Baroness Tanni Grey-Thompson has been named on a three-person panel to assess the Lance Armstrong affair and the role of the International Cycling Union in the scandal.
The panel will also include retired British judge Philip Otton and Australian lawyer Malcolm Holmes as well as Paralympic great Grey-Thompson.
The trio will meet in London from 9-26 April and report their findings by 1 June.
The UCI asked Court of Arbitration for Sport board president John Coates to help create an independent commission to investigate suspicions raised by the US Anti-Doping Agency's damning report into widespread doping by Armstrong's teams during his seven Tour de France victories.
The governing body denies claims it covered up suspicious samples from Armstrong and took cash in exchange.
UCI president Pat McQuaid said: "The wide-ranging terms of reference demonstrate the Commission's determination to review fully the issues contained in the USADA report and I welcome that.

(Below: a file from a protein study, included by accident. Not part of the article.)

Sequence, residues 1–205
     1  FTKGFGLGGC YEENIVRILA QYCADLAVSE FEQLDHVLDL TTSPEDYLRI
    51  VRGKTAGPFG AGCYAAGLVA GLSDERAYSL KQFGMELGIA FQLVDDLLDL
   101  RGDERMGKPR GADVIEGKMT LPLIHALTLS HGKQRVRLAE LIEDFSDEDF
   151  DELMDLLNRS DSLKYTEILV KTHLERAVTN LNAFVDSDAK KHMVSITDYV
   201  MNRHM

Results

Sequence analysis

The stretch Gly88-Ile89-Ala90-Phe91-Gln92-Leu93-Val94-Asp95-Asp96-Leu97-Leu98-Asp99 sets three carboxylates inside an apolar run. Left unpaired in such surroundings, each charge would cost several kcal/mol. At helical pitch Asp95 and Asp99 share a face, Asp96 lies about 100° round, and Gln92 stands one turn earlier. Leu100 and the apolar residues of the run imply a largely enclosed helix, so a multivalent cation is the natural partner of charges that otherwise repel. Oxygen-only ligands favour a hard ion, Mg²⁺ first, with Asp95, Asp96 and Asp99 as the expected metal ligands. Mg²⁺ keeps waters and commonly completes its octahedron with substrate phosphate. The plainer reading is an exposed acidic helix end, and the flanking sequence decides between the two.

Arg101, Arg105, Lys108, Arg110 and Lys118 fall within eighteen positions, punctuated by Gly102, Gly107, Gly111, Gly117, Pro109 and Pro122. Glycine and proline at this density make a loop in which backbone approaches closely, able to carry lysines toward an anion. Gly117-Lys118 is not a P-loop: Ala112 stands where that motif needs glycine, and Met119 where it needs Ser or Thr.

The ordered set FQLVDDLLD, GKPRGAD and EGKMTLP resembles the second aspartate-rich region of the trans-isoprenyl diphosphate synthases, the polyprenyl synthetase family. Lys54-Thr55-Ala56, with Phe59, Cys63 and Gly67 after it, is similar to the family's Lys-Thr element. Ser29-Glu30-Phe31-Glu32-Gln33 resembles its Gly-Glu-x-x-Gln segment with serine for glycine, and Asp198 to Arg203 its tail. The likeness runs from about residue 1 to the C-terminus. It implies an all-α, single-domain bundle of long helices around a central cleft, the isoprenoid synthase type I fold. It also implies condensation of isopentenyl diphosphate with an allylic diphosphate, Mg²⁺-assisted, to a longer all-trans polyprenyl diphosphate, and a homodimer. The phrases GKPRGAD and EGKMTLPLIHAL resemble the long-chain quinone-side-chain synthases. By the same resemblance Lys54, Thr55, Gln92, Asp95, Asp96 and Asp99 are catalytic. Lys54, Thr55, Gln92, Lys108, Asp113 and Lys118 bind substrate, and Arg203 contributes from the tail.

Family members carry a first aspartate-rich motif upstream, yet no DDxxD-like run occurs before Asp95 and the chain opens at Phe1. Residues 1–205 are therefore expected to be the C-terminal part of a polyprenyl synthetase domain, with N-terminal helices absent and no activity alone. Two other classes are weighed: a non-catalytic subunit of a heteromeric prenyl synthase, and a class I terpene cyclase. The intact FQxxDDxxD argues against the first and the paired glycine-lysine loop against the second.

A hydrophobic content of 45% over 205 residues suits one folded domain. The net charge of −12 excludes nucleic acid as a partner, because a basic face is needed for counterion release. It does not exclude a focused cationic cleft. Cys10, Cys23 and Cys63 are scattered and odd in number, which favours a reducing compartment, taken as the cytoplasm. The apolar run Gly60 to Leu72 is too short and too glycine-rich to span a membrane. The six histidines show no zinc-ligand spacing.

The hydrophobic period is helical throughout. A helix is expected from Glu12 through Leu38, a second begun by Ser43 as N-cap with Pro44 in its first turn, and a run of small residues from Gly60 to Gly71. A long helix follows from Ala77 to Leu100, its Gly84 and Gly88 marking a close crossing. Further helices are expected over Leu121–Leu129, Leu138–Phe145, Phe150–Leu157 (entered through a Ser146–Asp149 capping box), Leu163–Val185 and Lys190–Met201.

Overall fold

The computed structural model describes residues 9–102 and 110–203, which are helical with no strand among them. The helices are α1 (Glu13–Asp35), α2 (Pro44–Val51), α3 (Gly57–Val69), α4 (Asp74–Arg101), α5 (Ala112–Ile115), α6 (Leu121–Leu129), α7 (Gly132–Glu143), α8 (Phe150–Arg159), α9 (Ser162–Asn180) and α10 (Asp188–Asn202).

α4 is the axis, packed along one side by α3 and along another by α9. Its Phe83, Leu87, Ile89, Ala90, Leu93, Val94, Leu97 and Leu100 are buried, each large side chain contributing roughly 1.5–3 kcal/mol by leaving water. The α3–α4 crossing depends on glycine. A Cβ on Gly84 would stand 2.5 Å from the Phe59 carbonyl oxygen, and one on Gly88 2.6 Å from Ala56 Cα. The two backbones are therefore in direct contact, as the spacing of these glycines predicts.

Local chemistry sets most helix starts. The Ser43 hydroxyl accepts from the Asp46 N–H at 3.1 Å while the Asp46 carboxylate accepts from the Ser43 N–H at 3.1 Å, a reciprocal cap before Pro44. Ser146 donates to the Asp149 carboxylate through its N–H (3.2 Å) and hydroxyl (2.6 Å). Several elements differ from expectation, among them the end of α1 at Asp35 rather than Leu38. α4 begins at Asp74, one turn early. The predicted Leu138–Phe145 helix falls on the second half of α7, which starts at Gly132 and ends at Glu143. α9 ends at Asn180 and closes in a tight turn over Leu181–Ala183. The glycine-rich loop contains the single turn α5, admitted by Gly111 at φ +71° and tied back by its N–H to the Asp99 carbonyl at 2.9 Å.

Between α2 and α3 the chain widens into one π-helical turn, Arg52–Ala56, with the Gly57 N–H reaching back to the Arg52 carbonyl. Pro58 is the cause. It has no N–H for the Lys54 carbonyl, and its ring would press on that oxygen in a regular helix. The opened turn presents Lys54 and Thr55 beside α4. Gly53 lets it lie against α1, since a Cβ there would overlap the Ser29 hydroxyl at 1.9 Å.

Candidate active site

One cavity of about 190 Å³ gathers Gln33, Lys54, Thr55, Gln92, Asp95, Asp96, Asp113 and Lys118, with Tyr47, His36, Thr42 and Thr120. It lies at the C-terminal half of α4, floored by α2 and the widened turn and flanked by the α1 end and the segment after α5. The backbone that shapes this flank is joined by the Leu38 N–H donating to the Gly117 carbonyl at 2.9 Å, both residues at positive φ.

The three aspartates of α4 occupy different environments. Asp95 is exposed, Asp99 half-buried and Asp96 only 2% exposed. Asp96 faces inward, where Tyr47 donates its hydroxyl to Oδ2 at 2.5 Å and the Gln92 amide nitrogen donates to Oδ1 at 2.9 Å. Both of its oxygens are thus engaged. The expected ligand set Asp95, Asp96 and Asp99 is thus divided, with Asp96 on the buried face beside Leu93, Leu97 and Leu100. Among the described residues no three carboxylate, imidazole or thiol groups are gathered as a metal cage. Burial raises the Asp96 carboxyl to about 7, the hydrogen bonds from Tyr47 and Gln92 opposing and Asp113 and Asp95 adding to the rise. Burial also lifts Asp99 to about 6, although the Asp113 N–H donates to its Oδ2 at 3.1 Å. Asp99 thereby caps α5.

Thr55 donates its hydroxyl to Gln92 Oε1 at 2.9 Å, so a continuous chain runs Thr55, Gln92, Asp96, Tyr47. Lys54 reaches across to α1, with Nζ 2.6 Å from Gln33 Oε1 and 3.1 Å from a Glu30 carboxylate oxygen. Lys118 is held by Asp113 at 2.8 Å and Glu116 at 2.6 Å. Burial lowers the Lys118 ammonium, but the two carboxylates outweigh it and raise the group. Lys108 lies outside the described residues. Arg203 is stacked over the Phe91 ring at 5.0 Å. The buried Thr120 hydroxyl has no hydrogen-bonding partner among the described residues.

"The commission's report and recommendations are critical to restoring confidence in the sport of cycling and in the UCI as its governing body.
"We will co-operate fully with the commission and provide them with whatever they need to conduct their inquiry and we urge all other interested stakeholders to do the same.
"We will listen to and act on the commission's recommendations."
Armstrong did not cooperate with the USADA investigation and has been banned for life and stripped of all results from 1 August, 1998, including his seven Tour de France titles.